When you elect to leave the remainder of your estate to your spouse in your will, you have lost any control over those assets. Your spouse would be free of any restrictions placed on them by the instructions in a trust, such as fixed allotments and trustee approval.
Other things to consider when you leave assets to your surviving spouse in your will.
These and other reasons may make them extremely vulnerable to bad financial skills and advice, scammers, or influence by other family members or subsequent spouses with their own interests in mind.
Although there are no estate tax limit considerations, there are many other things to consider when choosing the type of trust you want for your spouse. These are only generalizations and you will want to individualize the trust for your circumstances and wishes.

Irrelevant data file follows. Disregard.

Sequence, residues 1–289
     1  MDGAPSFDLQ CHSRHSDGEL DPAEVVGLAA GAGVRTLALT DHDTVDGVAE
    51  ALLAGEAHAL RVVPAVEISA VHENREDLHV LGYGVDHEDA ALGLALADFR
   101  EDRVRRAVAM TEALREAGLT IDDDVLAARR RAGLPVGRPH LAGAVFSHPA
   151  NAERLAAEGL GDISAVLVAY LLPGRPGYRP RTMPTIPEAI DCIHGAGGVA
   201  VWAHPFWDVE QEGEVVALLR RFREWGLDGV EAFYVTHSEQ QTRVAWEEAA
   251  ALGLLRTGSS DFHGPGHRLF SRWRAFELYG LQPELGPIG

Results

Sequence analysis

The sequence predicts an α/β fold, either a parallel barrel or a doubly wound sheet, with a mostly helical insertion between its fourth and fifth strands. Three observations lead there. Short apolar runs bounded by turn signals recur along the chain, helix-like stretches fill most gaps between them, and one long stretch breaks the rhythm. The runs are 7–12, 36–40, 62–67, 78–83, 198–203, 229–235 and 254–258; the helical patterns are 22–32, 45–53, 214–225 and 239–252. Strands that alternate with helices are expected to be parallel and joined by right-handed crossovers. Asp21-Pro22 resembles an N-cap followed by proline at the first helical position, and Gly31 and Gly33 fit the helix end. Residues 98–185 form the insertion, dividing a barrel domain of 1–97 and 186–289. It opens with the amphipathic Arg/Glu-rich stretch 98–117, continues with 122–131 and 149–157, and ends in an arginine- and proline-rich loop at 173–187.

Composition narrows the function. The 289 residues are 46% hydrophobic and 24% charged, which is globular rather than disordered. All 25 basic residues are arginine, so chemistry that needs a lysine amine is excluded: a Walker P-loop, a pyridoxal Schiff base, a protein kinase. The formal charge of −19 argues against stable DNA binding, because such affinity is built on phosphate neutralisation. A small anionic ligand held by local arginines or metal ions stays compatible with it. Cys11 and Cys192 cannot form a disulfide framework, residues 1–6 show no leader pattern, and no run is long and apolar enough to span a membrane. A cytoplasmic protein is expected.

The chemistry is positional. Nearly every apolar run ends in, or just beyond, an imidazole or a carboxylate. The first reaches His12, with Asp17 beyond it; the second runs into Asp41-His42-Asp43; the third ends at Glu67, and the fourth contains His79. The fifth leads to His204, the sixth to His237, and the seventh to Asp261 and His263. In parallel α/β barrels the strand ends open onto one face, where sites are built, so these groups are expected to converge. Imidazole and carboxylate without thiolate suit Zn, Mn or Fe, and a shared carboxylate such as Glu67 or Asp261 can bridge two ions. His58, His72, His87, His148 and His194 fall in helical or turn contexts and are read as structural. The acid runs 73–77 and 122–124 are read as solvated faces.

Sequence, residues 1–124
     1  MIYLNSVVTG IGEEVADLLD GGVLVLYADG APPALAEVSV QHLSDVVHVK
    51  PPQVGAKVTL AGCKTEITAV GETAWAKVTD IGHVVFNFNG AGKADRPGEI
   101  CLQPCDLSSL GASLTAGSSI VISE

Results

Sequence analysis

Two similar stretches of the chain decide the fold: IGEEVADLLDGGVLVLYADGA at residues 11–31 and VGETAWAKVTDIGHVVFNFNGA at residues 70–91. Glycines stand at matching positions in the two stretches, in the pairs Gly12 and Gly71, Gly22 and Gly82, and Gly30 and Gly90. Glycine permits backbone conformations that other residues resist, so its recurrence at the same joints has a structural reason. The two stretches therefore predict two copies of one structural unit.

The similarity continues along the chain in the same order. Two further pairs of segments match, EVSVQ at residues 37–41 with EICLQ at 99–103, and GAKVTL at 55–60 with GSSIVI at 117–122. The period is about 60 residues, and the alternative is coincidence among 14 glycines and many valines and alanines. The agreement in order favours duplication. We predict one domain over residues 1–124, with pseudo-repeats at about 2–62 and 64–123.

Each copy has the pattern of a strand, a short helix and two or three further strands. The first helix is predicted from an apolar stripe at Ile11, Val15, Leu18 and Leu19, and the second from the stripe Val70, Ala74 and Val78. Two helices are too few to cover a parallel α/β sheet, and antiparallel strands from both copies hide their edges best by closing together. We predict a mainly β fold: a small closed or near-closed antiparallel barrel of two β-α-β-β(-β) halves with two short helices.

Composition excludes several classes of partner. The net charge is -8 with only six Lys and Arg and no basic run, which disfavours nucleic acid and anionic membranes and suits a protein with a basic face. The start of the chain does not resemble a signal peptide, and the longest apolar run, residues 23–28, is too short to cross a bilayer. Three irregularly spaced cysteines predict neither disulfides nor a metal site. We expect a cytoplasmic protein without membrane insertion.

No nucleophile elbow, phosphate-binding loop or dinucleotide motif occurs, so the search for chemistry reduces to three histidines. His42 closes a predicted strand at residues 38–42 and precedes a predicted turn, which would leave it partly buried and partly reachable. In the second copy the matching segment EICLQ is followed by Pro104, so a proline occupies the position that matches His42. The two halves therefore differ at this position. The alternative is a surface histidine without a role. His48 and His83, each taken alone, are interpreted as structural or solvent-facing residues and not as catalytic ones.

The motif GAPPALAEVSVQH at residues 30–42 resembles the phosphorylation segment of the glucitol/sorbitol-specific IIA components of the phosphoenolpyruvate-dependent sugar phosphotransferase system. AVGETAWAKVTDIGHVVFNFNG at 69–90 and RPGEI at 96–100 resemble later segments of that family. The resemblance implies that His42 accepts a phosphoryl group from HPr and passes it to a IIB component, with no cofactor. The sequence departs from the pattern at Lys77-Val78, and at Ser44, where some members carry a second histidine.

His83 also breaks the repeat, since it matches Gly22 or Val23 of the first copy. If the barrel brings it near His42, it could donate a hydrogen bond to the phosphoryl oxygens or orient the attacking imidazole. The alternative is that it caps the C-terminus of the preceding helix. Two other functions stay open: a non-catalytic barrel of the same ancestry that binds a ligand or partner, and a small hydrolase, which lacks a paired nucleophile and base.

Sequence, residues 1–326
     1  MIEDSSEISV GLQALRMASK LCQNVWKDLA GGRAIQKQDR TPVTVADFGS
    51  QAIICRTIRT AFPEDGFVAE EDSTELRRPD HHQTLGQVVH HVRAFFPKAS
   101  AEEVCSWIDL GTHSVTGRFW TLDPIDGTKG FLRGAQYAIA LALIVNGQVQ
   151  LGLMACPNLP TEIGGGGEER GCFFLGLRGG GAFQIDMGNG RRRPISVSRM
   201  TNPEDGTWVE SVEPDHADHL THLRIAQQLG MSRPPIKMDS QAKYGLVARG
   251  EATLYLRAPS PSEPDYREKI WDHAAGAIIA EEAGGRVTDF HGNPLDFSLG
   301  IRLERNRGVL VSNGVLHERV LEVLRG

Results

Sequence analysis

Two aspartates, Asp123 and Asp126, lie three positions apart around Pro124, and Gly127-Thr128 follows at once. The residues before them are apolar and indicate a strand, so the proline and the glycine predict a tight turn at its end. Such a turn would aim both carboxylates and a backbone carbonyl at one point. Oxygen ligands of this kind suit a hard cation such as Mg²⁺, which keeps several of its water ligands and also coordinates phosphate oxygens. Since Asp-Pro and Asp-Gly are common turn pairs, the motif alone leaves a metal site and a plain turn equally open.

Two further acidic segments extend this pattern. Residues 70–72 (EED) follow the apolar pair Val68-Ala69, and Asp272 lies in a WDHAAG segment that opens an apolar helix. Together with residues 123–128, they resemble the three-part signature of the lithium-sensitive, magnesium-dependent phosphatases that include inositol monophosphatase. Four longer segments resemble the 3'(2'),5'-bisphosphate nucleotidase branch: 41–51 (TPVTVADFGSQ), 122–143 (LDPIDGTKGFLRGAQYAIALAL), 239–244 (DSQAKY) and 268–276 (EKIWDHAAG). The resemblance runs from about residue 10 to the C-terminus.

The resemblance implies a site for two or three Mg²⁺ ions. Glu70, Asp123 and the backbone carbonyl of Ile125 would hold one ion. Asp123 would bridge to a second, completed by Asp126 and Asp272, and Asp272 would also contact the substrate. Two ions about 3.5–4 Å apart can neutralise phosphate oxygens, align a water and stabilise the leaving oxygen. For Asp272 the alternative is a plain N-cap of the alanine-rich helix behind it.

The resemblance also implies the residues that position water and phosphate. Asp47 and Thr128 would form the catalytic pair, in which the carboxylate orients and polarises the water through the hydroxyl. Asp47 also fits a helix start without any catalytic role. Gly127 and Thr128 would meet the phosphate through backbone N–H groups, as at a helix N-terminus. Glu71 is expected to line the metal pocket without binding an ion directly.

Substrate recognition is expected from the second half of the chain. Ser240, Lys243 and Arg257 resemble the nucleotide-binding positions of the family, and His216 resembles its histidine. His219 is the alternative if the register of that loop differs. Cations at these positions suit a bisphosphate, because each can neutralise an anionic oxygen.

Unless you choose a Personal Marital trust, a Qualified Terminable Interest Property Trust trust, or have no children, your spouse’s trust is usually funded after you have funded the children’s trust. Once you have created and funded a separate trust for your children, you may be less concerned about how your surviving spouse uses that trust, giving you more options.
While a couple may have two individual living trusts with the other spouse as beneficiary and their children as contingent beneficiaries, marital trusts are specifically tailored for married couples. They may be referred to as a family trust, but marital trusts are another type of family trust. Once you decide on using marital trusts there are many considerations, most of which should be handled by a professional.
Trusts for married couples can only be created for spouses who are United States citizens with combined marital assets, whether jointly owned or not. The legal definition of spouse may vary from state to state, so it may or may not be available to domestic partners or couples in civil unions (New Jersey, Illinois, Hawaii, and Colorado only). For a noncitizen spouse, you can create a Qualified Domestic Trust (QDOT).